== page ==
Mark Ronson remembers the first time Lady Gaga asked him to produce the album that came to be Joanne. “I don’t know what it’s going to sound like,” she told him last year, “but do you want to work together?”
It was probably inevitable that Gaga and Ronson would collaborate. Even though Ronson is about a decade older than Gaga, both grew up within blocks of each other on New York’s Upper East Side, and her private school would often have weekend dances with his. Ronson and Gaga first joined forces about eight years ago when Ronson enlisted her to add a vocal to “Chillin,” a track he was produced for rapper Wale.
“We had an hour free, so she came down to the studio,” Ronson recalls. “It was probably 11:30 in the morning and she was fully wound up and amazing. She seemed like the right blend of musical fanatic and eccentric New Yorker. I grew up around those types my whole life.” Ronson was also impressed that Gaga was a fan of his friend Sean Lennon’s work: “I thought, ‘Who is this girl talking about Sean’s voicings on the piano?’ Sean’s an incredible musician but not everyone is familiar with his albums.”
Cut to late 2015, when Ronson takes Gaga up on her offer to helm the follow-up to Artpop. At a studio in London, Gaga brought along a new song, “Angel Down,” which Ronson says was “quite moving.” At the end, Ronson says, “I was like, ‘OK, I think I can see how this could work. We’re into the same shit.'”
A few months later, the two arrived at Shangri-La, the historic Malibu studio currently owned by Rick Rubin. Since Rubin was between projects, Gaga and Ronson were able to settle into the studio for months, working on one of the year’s most eagerly awaited pop albums. “I’d never been there before and it was insane,” Ronson says. “Neil Young was in mixing a live album, so you’re coming in and seeing Neil walk past you on this hallowed ground. There’s something special about the place.” Out this week, Joanne was co-produced by Ronson and features collaborations with, and contributions from, a dizzying array of musicians, including Florence Welch, Josh Homme, Beck, Tame Impala’s Kevin Parker and Father John Misty. (Joanne remains such a secretive project that, of all Gaga’s collaborators, only Ronson volunteered to talk.)
On their first day at Shangri-La, Gaga and Ronson wrote the title song, which Gaga told Ronson was the “heart and soul” of the album. Gaga also took up Ronson on his suggestion to write about whatever was happening in her life or on her mind, resulting in songs about a late aunt who passed away before Gaga was born, her life as a dancer on New York’s Lower East Side and her personal travails (heard in the first single “Perfect Illusion”).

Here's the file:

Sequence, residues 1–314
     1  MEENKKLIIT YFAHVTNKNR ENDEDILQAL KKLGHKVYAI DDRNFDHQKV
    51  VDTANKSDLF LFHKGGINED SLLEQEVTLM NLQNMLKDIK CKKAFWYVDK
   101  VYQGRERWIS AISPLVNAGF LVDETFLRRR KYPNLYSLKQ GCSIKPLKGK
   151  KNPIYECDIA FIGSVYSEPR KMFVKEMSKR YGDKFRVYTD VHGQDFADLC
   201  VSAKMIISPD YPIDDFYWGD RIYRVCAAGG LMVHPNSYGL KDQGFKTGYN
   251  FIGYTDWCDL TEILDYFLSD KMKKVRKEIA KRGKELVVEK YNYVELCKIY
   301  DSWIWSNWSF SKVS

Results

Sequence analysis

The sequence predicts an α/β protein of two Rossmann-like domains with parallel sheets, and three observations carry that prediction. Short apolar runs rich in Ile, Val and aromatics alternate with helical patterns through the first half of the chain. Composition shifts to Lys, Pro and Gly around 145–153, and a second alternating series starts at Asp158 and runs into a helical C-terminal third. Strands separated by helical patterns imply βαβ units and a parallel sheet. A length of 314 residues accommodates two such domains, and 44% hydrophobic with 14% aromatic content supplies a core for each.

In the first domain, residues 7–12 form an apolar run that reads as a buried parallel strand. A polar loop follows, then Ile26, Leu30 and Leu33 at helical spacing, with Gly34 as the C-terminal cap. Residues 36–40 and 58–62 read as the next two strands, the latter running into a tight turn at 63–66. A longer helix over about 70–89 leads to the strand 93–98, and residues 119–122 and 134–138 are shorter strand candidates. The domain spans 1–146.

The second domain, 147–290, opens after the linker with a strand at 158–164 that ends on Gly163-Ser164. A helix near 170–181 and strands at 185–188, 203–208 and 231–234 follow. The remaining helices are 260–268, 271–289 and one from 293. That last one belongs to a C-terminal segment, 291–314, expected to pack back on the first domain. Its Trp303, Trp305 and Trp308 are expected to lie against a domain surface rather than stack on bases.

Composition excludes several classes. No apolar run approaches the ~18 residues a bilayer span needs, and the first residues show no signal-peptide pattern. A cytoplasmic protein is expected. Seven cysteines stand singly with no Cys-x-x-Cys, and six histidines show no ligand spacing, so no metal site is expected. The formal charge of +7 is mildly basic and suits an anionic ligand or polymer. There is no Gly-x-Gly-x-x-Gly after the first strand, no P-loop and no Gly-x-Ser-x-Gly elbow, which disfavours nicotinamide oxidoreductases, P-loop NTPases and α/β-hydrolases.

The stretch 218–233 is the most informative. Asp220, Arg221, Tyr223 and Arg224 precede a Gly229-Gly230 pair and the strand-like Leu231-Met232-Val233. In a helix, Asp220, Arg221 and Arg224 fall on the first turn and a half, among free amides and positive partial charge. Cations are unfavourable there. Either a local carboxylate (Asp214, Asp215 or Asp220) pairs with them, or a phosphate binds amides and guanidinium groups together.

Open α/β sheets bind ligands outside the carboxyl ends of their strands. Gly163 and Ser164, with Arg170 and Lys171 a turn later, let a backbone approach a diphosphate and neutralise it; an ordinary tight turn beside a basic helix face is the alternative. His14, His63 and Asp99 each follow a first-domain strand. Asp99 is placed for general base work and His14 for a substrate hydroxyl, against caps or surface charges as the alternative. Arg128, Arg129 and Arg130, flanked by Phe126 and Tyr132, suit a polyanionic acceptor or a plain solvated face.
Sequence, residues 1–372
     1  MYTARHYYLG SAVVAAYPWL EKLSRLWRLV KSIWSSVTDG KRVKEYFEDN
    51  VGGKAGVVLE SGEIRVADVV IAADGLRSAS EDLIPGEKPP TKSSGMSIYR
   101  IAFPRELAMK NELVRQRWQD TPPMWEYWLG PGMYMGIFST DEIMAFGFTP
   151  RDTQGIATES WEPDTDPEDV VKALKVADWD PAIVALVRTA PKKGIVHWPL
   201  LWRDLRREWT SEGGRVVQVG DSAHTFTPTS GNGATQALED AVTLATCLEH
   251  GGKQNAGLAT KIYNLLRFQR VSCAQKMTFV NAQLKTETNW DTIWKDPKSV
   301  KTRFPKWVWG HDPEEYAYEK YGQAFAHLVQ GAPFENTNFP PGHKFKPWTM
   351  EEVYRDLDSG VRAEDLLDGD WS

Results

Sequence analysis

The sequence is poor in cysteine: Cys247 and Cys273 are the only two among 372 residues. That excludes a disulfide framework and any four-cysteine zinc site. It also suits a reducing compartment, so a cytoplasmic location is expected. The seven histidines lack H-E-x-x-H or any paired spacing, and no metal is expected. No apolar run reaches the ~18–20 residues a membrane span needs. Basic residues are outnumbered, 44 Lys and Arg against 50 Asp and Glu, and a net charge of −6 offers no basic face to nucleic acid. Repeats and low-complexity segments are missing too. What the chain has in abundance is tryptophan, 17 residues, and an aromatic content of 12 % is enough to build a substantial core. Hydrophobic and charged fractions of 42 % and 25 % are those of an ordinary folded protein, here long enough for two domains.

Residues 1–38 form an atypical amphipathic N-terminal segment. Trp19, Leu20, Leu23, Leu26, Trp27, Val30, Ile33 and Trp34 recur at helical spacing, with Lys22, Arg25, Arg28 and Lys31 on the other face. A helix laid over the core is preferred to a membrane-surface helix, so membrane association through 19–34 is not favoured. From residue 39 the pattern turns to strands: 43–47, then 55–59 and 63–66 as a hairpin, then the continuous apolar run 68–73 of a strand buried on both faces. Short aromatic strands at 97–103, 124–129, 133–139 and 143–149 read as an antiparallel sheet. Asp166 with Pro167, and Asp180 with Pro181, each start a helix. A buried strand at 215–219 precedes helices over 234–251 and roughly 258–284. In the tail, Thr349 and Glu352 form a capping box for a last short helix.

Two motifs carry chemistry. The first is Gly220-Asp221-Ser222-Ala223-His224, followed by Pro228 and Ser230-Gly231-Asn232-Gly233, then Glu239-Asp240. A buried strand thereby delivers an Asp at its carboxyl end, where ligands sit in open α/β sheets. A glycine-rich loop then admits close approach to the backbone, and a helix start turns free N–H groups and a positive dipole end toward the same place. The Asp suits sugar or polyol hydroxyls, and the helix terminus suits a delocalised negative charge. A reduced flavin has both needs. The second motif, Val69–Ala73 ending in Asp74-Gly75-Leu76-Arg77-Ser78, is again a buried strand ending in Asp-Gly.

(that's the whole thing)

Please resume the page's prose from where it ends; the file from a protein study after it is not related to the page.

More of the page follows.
“Perfect Illusion” started with a Parker demo for a song he called simply “Illusion,” which Gaga and Ronson expanded on when they sat down with a piano and guitar, respectively. “The message in that song is quite personal for her,” Ronson says. “It’s this bastard love child of [Tame Impala’s] ‘Let It Happen’ and ‘Bad Romance.'” (As for the similarities to Madonna’s “Papa Don’t Preach” that some have pointed out, Ronson says, “Obviously, that was some kind of accident.”)
Gaga’s guests came and went over those months at Shangri-La. She invited Misty to play drums, while Ronson, a major Queens of the Stone Age fan, reached out to Homme when he thought the track “John Wayne” needed a guitar part out of a Queens record. Homme wound up playing drums and co-producing. “Dancin’ in Circles,” the collaboration with Beck, began when Ronson ran into Beck and invited him to the studio. “For Gaga, it was like meeting her idol,” he says. “Beck is pretty much her favorite influential artist of the past 20 years. She was a fan girl at first.” The song morphed from an unplugged Beck song into what Ronson calls “classic Gaga, like ‘Alejandro’ and some of the stuff from Fame Monster.”
Meeting up at New York’s Electric Lady studio, Gaga and Welch conceived of “Hey Girl,” which Ronson says sounds like “two girls singing a soul record in the Seventies.” For an organic, earthy feel Ronson recruited many of the musicians he used on projects with Amy Winehouse and Rufus Wainwright, yet he says that producer Bloodpop, who came into the project and worked on some tracks, made sure Joanne didn’t sound retro. “We could have disappeared into our love for analog authenticity,” he says, “but he came in and shook it up in a great way. He brought it into the modern era.” Although Gaga and Ronson worked on the album for about six months, Joanne was so harried that additional songs were being recorded for a deluxe edition at the album’s ready-to-go mastering session.
Despite all the collaborators, Ronson feels Gaga was never in fear of being overwhelmed. “Her singing and writing are so strong and present and such a dominating color that you never nerve to really worry about that,” Ronson says. “She’s the glue. Everybody came in in such a natural way and heard what we were working on and found their way to fit in.”
Ronson feels the finished album takes Gaga’s music—and her power—to a new, unheard level. “Everything she wrote about was honest, and you hear that in how she’s singing,” he says. “I was just playing it at a photo shoot and this kid said, ‘This is amazing – what is it?’ When I said it was Gaga, his mouth dropped in shock. She’s made incredible records, but this is raw and exposed in a way that maybe she’s never sounded before.”